Partial dismantling of subsidies, move towards a more transparent policy on natural resources and efforts to make India more inviting for foreign investors are some of Modi government's big achievements.
The Narendra Modi-led National Democratic Alliance government is poised to complete six months. It is an alliance because it chooses to be one and has no coalition compulsions to speak of.
In part because the global and domestic economic environment has been extraordinarily supportive – low commodity prices and; lowest levels of inflation in nine years and record food stocks – the government in India has faced fewer challenges. But has it maximised its opportunities?
Is it spending too much time congratulating itself and its Prime Minister and not thinking enough about how to restructure policy? Has it been weighed down by internal doubts and differences on future direction?
It has had many achievements as well: a partial dismantling of subsidies; movement towards a more transparent policy on natural resources; and moves to make India more inviting for foreign investors.
In its foreign policy, the substance may be the continuation of past policy but the style has changed dramatically. But the government continues to struggle with collective inexperience which has tended to centralise decision-making, curbing individual initiative.
The BJP fancies itself as a bold, swashbuckling government: but in some of the decisions it has taken, it has been inexplicably tentative.
Many of the initiatives it had announced: more power to the states; the revamping of the Planning Commission are yet to get off the ground.
Business Standard examines and evaluates six months of policy, decision-making, political management and the style of the new government.
It trains the spotlight on the individuals who make the government run and identifies the six biggest ideas, achievements, strengths and weaknesses so far.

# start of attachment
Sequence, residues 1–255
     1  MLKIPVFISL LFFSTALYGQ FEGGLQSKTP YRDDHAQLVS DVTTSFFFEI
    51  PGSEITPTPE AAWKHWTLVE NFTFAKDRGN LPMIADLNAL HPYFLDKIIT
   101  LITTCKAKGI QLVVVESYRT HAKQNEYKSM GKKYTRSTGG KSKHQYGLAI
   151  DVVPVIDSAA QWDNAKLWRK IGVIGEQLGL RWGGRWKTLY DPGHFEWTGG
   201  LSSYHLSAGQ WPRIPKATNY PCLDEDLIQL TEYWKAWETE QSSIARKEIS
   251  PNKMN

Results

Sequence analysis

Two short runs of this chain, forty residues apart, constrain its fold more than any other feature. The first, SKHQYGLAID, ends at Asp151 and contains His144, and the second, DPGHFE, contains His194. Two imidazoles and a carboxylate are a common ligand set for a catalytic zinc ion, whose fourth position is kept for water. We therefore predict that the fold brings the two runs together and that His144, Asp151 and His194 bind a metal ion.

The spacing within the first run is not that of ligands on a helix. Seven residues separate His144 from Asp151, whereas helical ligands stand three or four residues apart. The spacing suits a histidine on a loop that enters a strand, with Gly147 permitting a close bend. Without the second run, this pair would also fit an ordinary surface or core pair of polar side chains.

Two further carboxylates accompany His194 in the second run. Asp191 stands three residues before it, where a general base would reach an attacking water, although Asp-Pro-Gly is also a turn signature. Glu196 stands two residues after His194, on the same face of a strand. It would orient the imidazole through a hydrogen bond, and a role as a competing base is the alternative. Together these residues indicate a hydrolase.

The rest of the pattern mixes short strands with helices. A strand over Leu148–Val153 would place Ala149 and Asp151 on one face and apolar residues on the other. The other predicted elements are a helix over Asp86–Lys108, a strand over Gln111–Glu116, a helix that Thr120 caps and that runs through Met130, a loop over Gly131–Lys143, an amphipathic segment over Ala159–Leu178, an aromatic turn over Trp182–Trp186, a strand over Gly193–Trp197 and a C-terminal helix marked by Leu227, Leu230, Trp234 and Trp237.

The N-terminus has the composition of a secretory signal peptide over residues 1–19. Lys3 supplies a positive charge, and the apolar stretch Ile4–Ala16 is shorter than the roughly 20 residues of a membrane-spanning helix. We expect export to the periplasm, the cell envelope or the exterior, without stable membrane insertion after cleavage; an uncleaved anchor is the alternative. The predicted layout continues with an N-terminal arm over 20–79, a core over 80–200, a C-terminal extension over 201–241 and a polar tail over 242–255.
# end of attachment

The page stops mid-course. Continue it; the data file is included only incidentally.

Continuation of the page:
The six big ideas floated by the Narendra Modi government in his six months in office:
Jan Dhan Yojana
With a substantial section of society still outside the ambit of the formal financial system, the recent initiative which aims to bring the excluded into the banking system over the next few years is a laudable one.
But legitimate concerns remain. For one, access to banking services may not translate to usage as the poor may simply opt against engaging with the system.
Concerns also exist about the financial viability of maintaining such accounts. But if coverage is extended, especially to the rural poor, then in conjunction with the Aadhaar platform, it could facilitate a shift towards cash transfers.
A brilliant event manager,” L K Advani said of former protégé Narendra Modi in April. On October 2, Modi showed how he is arguably the most-skilled mass communicator among Indian leaders.
He chose Mahatma Gandhi’s birth anniversary to pick up a broom and launch the Swachh Bharat Abhiyan. Few remembered how Swachh Bharat was in fact the repackaged Nirmal Bharat sanitation programmes launched by the Atal Bihari Vajpayee-led NDA government and Manmohan Singh-led UPA governments.